Russia threatens 'restrictions' in letters to U.S.-backed media

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Russian threats against American media outlets based in Moscow reached a new level on Monday, when officials sent letters to news organizations backed by the US government, warning them of possible "restrictions."

The letters and increasingly intimidating rhetoric from Russian officials are retaliation for what they allege is the U.S. Justice Department's crackdown of state-funded news organizations like RT and Sputnik in the US. It's the latest in an escalating war of words the Russian government is waging as it comes closer to taking measures against U.S. media in Russia.

The Russian Justice Ministry on Monday sent warning letters to both Radio Free Europe's Russian service, called Radio Svoboda and to Current Time, a Russian-language cable news network launched by Radio Free Europe and Voice of America as an alternative to state-funded news. A Russian-language website run by Radio Free Europe's Tatar-Bashkir service, called Idel Realii, also received a similar letter, which said the outlets fall under a Russian law as a foreign agent and NGO, and therefore authorities have the right to impose "restrictions" on the organizations. It's not clear if other news organizations received similar letters.

"The activity of your organization may be subjected to restrictions envisioned in the legislation of the Russian Federation," the statement from ministry official Vladimir Titov said, according to Radio Free Europe.

"Current Time, Radio Svoboda, and Idel Realii are journalistic organizations. We trust we will be able to continue our work," Radio Free Europe Vice President and Editor-in-Chief Nenad Pejic said in a statement.

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Over the past several weeks, Russian officials have repeatedly lashed out with public threats against American media in Russia in retaliation for what they say are inappropriate pressures placed on their outlets, like the television network RT and news website Sputnik.

Sources at Radio Free Europe say that nothing concrete has come out of Russia's threats, but the tension is palpable. The network already faces severe restrictions in distributing its content within Russia. An official from the Broadcasting Board of Governors, the U.S. agency that oversees Radio Free Europe, said the U.S. Ambassador to Russia, Jon Huntsman Jr., was briefed on the ongoing spat between the two countries. Radio Free Europe has a bureau in Moscow which employs more than 50 people, including Russian nationals.

"The networks of the BBG, including Voice of America, Radio Free Europe and Radio Liberty, are free and independent of the United State's government and deploy honest and independent journalism on behalf of our audiences around the world," BBG CEO John Lansing said in a statement. "Any attempt to stifle them by authoritarian regimes is a direct assault on the rights of all people around the globe to have access to the free flow of truthful information,"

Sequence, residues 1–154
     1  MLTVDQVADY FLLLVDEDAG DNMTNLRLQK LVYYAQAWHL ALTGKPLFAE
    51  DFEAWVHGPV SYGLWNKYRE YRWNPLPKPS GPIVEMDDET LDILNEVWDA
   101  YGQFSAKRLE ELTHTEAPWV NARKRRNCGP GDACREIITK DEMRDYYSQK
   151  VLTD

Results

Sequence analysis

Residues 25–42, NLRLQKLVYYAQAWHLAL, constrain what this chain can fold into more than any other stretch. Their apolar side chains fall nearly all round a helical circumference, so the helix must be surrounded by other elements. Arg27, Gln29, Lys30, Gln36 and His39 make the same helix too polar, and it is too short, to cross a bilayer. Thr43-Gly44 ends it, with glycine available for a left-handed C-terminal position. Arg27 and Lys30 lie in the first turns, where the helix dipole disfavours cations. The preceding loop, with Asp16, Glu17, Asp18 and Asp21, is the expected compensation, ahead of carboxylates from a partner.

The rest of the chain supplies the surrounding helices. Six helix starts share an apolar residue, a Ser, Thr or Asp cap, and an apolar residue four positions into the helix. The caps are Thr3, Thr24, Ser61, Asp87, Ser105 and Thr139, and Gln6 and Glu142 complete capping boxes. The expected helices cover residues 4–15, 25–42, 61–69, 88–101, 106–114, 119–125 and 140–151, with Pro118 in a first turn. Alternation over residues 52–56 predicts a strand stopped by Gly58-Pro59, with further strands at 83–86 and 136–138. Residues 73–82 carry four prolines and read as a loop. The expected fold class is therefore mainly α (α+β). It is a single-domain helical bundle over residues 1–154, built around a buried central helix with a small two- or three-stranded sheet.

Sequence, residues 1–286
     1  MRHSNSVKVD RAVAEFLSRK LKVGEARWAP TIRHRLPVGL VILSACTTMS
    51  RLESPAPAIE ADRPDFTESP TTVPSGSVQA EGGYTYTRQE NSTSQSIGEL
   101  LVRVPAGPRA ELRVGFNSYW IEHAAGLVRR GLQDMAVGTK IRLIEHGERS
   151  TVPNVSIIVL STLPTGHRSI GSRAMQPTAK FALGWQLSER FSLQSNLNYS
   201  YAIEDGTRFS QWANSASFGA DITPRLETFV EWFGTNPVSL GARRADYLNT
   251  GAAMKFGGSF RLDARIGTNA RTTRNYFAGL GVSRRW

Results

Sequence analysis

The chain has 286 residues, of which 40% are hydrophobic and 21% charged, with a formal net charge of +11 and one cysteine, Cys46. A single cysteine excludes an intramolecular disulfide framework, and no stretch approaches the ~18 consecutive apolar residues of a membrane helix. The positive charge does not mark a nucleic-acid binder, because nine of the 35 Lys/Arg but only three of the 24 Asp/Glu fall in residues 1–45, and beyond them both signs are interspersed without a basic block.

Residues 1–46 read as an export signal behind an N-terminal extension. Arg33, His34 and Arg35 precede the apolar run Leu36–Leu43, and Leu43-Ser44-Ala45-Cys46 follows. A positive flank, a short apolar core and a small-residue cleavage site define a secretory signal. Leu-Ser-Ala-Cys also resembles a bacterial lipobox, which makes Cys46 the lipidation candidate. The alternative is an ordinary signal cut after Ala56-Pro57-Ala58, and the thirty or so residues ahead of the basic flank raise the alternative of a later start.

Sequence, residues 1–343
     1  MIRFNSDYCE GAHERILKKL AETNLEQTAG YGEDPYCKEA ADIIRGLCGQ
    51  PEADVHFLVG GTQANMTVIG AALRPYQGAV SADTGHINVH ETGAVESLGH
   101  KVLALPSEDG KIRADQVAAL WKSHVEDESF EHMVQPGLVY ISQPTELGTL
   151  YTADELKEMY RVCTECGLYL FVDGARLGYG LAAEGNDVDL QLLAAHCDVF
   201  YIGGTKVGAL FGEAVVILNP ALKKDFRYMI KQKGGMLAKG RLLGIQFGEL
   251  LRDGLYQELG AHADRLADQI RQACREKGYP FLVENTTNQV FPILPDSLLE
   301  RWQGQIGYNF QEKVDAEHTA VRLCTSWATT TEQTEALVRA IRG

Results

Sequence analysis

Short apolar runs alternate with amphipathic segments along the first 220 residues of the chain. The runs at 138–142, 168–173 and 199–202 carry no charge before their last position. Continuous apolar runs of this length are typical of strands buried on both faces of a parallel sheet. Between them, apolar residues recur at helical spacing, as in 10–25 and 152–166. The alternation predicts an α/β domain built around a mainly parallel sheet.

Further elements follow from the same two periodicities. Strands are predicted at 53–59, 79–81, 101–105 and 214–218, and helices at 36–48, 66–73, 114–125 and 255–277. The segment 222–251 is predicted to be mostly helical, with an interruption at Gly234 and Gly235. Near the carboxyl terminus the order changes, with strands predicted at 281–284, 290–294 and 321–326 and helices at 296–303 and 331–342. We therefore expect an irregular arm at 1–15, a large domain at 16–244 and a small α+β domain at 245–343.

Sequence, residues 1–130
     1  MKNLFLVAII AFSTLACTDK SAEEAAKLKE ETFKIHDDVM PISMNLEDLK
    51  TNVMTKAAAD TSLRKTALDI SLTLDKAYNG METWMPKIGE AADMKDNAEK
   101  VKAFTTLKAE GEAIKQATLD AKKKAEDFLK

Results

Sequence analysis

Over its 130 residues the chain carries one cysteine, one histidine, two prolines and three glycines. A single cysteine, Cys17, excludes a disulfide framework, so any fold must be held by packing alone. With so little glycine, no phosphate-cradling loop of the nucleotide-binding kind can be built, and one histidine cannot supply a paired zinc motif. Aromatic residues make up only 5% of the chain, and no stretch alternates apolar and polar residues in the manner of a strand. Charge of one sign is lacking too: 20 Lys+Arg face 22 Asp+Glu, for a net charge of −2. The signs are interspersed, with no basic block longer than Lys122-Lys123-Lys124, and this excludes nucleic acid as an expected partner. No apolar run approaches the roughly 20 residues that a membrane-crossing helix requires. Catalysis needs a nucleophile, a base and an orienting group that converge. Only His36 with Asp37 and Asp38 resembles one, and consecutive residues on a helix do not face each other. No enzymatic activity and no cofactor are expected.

On Monday, the Russian embassy in the United Kingdom released an unusual tweet, quoting the Russian Foreign ministry saying it was "ready to impose restrictions on US-owned media in Russia, no matter, state or private, in response to what is done vs @RT_com." The tweet included an illustration of a face with hands covering its eyes and mouth, and what looks like a distorted CNN logo made to look like "CIA" on its forehead, with the tag line "distorting reality worldwide."

The embassy tagged the BBC's Russian operation and BBC reporter Daniel Sandford, who previously covered Russia but now focuses on the U.K. A review of the Russian Embassy's tweets shows that it often tags Sandford and other journalists in similarly unrelated tweets.

Representatives from the U.S. State Department did not immediately return a request for comment.

RT claims that the Department of Justice last month sent a letter to the Russian company that services its American affiliate, asking them to register as a foreign agent under the Foreign Agents Registration Act. RT has a global web presence funded by the Kremlin and airs around the world in six languages.

The FARA is meant to thwart undisclosed foreign propaganda from swaying the American public, but it is not traditionally applied to media companies. The Department of Justice has repeatedly declined to comment about RT's claim that such a letter was sent.

RT America was singled out in a January intelligence community report for the impact it may have had on the 2016 election. The report said RT "conducts strategic messaging for [the] Russian government" and "seeks to influence politics, fuel discontent in the U.S." The report also cited the Russian-funded news website Sputnik as "another government-funded outlet producing pro-Kremlin radio and online content."

RT head Margarita Simonyan said last week that staff in the United States "fear for their security" because of the negative publicity. It's become hard to hire for the network while other staff members are leaving en-masse, said Simonyan, who was cited by Russian state-run news wire TASS.

Last week, Russian Foreign Ministry spokesperson Maria Zakharova doubled dpown on the threat, saying that "everything that Russian journalists and the RT station are subject to on U.S. soil, after we qualified it as restriction of their activities, we can apply similar measures to American journalists, American media here, on Russian territory."

Kremlin spokesman Dmitry Peskov last week cited the "continued violation of the rights of our media to work unimpeded" as a reason why they "cannot rule out that actions will be taken in accordance with the principle of reciprocity."

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